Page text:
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Fisher v. Lufkin Industries, Inc.

United States Court of Appeals, Fifth Circuit

March 30, 2017

WILLIAM FISHER, Plaintiff-Appellant Cross-Appellee
v.
LUFKIN INDUSTRIES, INCORPORATED, Defendant-Appellee Cross-Appellant

         Appeals from the United States District Court for the Eastern District of Texas

          Before DENNIS, ELROD, and GRAVES, Circuit Judges.

          JAMES L. DENNIS, Circuit Judge:

         William Fisher brought this action against his former employer, Lufkin Industries, Inc., alleging, inter alia, that Lufkin violated Title VII of the Civil Rights Act of 1964, 42 U.S.C. § 2000e, et. seq., by discharging him in retaliation for his complaint that his direct supervisor racially harassed him.[1] Following a two-day evidentiary hearing, the presiding magistrate judge, acting as a special master pursuant to 42 U.S.C. § 2000e-5(f)(5) and Federal Rule of Civil Procedure 53, issued a Report and Recommendation recommending that the District Court find facts as follows: although the initial complaint by Fisher that his supervisor racially harassed him by addressing him as "boy" was meritless, Lufkin's subsequent investigation and ultimate discharge of Fisher were motivated by the desire of a coworker and a supervisor to retaliate against him for his protected activity; however, Fisher lied to his supervisors during the investigation and did not fully cooperate in it, and these latter actions by Fisher were sufficient to justify his termination independent of any other proffered reasons.

         Fisher filed objections and moved for an extension of time to file additional objections to the report, but the district court rejected his motion, adopted the Report and Recommendation in full without assigning additional reasons, and therefore dismissed Fisher's retaliation claim. Fisher appeals the district court's decision and its refusal to grant an extension of time to file additional objections to the Report and Recommendation. Lufkin filed a cross-appeal seeking to assess its expert witness's fee against Fisher. We reverse the district court's judgment against Fisher and remand for further proceedings.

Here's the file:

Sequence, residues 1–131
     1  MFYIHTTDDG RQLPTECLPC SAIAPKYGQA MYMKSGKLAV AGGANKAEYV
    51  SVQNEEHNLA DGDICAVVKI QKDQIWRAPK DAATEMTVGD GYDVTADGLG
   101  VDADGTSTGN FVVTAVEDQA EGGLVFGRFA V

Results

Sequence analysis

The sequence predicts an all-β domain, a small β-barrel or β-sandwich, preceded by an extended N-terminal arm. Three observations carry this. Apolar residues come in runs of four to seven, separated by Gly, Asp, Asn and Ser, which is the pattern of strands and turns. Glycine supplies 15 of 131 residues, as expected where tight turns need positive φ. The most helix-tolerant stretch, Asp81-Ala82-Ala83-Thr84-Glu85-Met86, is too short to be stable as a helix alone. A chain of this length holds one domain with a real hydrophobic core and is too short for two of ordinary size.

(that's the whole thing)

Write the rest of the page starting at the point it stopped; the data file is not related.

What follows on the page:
I

         Fisher, an African American man, was first employed by Lufkin in 1991. Fisher experienced three layoffs due to reductions in force but was rehired each time and eventually accumulated ten years of seniority before his termination on May 18, 2009, which is the subject of this lawsuit. He began his employment as a helper but was promoted to machinist in January of 2005. Fisher performed his job in a satisfactory manner, received regular merit raises, and had never been disciplined prior to his termination. At the time that he was terminated, Fisher was fifty-five years old.

         Steve Saxton, Fisher's direct supervisor, is a white man who was approximately thirty-one years old at the time Fisher was terminated. On Friday, March 6, 2009, Saxton instructed Fisher to take his breaks when everyone else did, rather than when Fisher wanted to. When Fisher replied that he could not take breaks when his machine was running during certain operations, Saxton responded, "Boy, I don't know why every time I come over here it's a hassle!" Saxton was angry and spoke with a raised voice. Fisher then stated, "If you're going to harass me, we need to get a steward." Due to union rules, Saxton told Fisher to come to his office while a union steward was summoned. When no steward appeared, Saxton told Fisher to return on Monday so that they could resume the process. After he left, Fisher called Lufkin's Vice President of Human Resources, Paul Perez, and left a voicemail stating that Saxton's use of "boy" in addressing him constituted racial harassment. Perez promptly directed another manager, Ty Thornton, to conduct an investigation. Thornton talked to both Fisher and Saxton and determined that, although Saxton had called Fisher "boy, " he did not intend it as a racially derogatory term. Saxton's supervisor, David Jinkins, was also asked to look into the matter and talk to Saxton. The magistrate judge found that Saxton probably intended "boy" as an exclamation rather than as an epithet for Fisher.